When LWSD launched its one-to-one initiative during the 2012–2013 school year, the IT staff rolled out 9,000 Lenovo ThinkPad X131e notebooks over five to six months to ensure that the network equipment and Wi-Fi network could handle the load, Askman says. "We got a chance to see what pressure was on the network in September, and we made adjustments for the next phase," she says. "We had to adjust the size of our [Dynamic Host Configuration Protocol] scopes, for example, so that enough IP addresses were available for the student devices joining our wireless network."
To bolster security, the district deployed a Palo Alto Networks PA-5020 Series firewall appliance, which blocks malicious traffic, such as malware, and detects and prevents file sharing, proxy bypass and peer-to-peer gaming.
Askman plans to make additional network improvements in the years ahead. The next school levy in 2014 would allow the district to upgrade its network further, eliminate single points of failure, improve speed and implement additional security safeguards, she says.
Wisconsin's six-school Oregon School District has come a long way since the early days of Wi-Fi, when it relied on unmanaged, off-the-shelf 802.11b access points.
Technology Director Jon Tanner upgraded to a Cisco 802.11g managed wireless system in 2007 and expanded it in 2009 when the district embraced BYOD. With demand for network capacity continuing to skyrocket, the district upgraded again last summer.
52% of BYOD participants use more than one device.
SOURCE: CDW's Mobility at Work report
"We had the coverage, but we didn't have the capacity to handle the huge densities of clients trying to log in," he explains. "A wireless access point can provide an individual client with 300-megabit-per-second speeds, but if you can only connect back to the switch at 100Mbps, it's a huge bottleneck," he says. "We are now getting full wireless throughput."
To increase network bandwidth, the district spent nearly $500,000 to upgrade its networking equipment and Wi-Fi network with the latest Cisco technologies. Fifty of the district's 62 edge switches had only 100Mbps of throughput, so Tanner replaced them with new 1-gigabit Cisco Catalyst 2960 Series switches. The upgrade has improved speeds dramatically, he says.
The district also purchased new second-generation Cisco Aironet 2602 access points and two Cisco 5760 wireless LAN controllers for redundancy. With the upgrade, it more than doubled its access points — from 75 to 168.
To begin, Tanner's team hired a third party to perform a wireless site survey, which included the use of heat maps to pinpoint where coverage was and wasn't available and ultimately provide full Wi-Fi coverage at each school. Tanner then studied usage reports from the district's previous wireless controllers, which showed how many mobile devices were accessing each access point at any given time, as well as the number of devices that were denied access because the access point was overloaded.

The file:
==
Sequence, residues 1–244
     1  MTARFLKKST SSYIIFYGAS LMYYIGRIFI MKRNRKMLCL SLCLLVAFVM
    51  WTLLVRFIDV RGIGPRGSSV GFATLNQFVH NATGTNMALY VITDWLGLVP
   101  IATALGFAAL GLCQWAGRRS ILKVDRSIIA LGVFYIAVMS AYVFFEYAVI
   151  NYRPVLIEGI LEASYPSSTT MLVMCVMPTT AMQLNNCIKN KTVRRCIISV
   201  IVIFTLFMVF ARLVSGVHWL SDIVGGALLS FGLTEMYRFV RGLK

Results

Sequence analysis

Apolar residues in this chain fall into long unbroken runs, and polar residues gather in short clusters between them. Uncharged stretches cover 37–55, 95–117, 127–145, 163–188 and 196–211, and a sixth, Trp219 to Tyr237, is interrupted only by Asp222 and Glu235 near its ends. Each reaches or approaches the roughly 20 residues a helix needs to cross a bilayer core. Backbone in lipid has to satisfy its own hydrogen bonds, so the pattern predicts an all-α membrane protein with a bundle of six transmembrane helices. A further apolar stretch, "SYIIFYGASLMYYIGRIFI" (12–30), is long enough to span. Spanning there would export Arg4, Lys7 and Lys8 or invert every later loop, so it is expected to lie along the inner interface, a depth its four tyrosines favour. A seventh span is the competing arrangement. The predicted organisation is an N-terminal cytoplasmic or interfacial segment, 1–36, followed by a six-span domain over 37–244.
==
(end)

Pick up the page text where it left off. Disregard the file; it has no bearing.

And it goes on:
With this data, Tanner made educated guesses on how many access points should be installed in each area to optimize their placement, he explains.
Oregon School District has spent the past three years making plans to move education from traditional lectures to more personalized learning, and for that to succeed, wireless technology and mobile devices are critical. Now, with the infrastructure in place, the district can ramp up its efforts.
"We were dipping our toes with BYOD before because we didn't want students to have trouble connecting to the network or have slow network access," Tanner says. "But now, we feel we can really tell students to bring their own device — and they will actually be able to use it.
To build a successful mobile learning environment, school districts can't focus exclusively on the technology. They also must provide professional development so teachers can integrate mobile devices into their daily lesson plans, says Peter Grunwald, founder and president of Grunwald Associates.
Tiffany Pickle, a technology integration specialist with central California's Merced Union High School District, regularly provides training during both the summer months and the school year. Sometimes, she says, teachers struggle with the pedagogical changes and how they impact classroom management. Because follow-up support is critical, she and librarians who are well versed in technology are always available if teachers have questions, she says.
It's equally important for teachers to meet and consult with each other, Pickle adds. "We've seen increased collaboration among staffers and sharing of ideas. That's really helped drive a lot of our mobile learning success."